Shock and Awe
Lord, make me alert in the spirit.
Read ZEPHANIAH 1:14—2:3
14 The great day of the Lord is near—
near and coming quickly.
The cry on the day of the Lord is bitter;
the Mighty Warrior shouts his battle cry.
15 That day will be a day of wrath—
a day of distress and anguish,
a day of trouble and ruin,
a day of darkness and gloom,
a day of clouds and blackness—
16 a day of trumpet and battle cry
against the fortified cities
and against the corner towers.
17 “I will bring such distress on all people
that they will grope about like those who are blind,
because they have sinned against the Lord.
Their blood will be poured out like dust
and their entrails like dung.
18 Neither their silver nor their gold
will be able to save them
on the day of the Lord’s wrath.”
In the fire of his jealousy
the whole earth will be consumed,
for he will make a sudden end
of all who live on the earth.
Judah and Jerusalem Judged Along With the Nations
Judah Summoned to Repent
2 Gather together, gather yourselves together,
you shameful nation,
2 before the decree takes effect
and that day passes like windblown chaff,
before the Lord’s fierce anger
comes upon you,
before the day of the Lord’s wrath
comes upon you.
3 Seek the Lord, all you humble of the land,
you who do what he commands.
Seek righteousness, seek humility;
perhaps you will be sheltered
on the day of the Lord’s anger.
New International Version (NIV)
Holy Bible, New International Version®, NIV® Copyright ©1973, 1978, 1984, 2011 by Biblica, Inc.® Used by permission. All rights reserved worldwide.
Reflect on God’s patience towards you. Spend some time in praise and thanksgiving for his mercy.
The complacency noted in verse 12 will one day give way to the terror in verse 14. Despite the warnings of the prophets before and after Zephaniah (e.g., Obad. 12; Isa. 13:9; Ezek. 30:3), the day of the Lord will appear suddenly (14), and if it was close then, how much closer is it now?
Delay, even thanks to God’s mercy (2 Pet. 3:9), may lead to carelessness and conceit (2 Pet. 3:3,4).
Are we blasé about God’s judgment? Zephaniah’s description is shocking in the extreme. Can you imagine a more terrible day than this (15)? Read it again slowly. This is the worst of days, like a reversal of creation, when God brought order out of chaos (Gen. 1:2), as if being caught in the worst of war zones (18).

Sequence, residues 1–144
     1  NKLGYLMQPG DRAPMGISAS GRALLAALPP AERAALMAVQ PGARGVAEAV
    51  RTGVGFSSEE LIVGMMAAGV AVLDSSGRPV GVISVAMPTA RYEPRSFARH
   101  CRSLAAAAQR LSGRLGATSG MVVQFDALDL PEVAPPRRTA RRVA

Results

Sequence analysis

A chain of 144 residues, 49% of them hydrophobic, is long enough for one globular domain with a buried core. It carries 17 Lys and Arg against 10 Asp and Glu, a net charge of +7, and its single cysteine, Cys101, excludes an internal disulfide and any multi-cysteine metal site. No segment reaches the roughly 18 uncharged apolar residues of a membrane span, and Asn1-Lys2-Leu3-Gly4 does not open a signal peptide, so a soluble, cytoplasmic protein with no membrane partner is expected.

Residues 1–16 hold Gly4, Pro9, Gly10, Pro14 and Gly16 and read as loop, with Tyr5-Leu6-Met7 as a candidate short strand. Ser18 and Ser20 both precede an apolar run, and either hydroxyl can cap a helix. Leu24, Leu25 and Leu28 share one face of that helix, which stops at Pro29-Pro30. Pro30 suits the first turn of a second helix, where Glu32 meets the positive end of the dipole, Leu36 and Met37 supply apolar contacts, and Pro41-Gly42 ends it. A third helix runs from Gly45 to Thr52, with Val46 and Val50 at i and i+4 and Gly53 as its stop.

As Amos said close to a century before, this is not a day to long for (Amos 5:18). It will be a day of distress for all people because they (we) “have sinned against the Lord” (17). The powerful picture of groping about “like those who are blind” (17) echoes the warning God had given to Moses long before. If his people break his covenant, he said, “At midday you will grope about like a blind person in the dark” (Deut. 28:29).
Yet, springing from the darkness of his grim prophecy, Zephaniah brings a glimmer of light. There is still a way, still time to get it right (2:2). God’s warnings are not like those of some preachers who—we hope only seemingly—take delight in lurid warnings of judgment. When God warns, it is in order to bring about repentance. There is a window of opportunity for the people to come together to “seek the Lord” in humility and obedience (3). The word translated “seek” means “long for,” so seeking God is not so much about looking for God as longing for him. Amazingly, he still wants their (our) relationship to continue.
“You will seek me and find me when you seek me with all your heart” (Jer. 29:13). What will that mean for you today?
Lord, when Your judgment finally comes, remember those who have served You.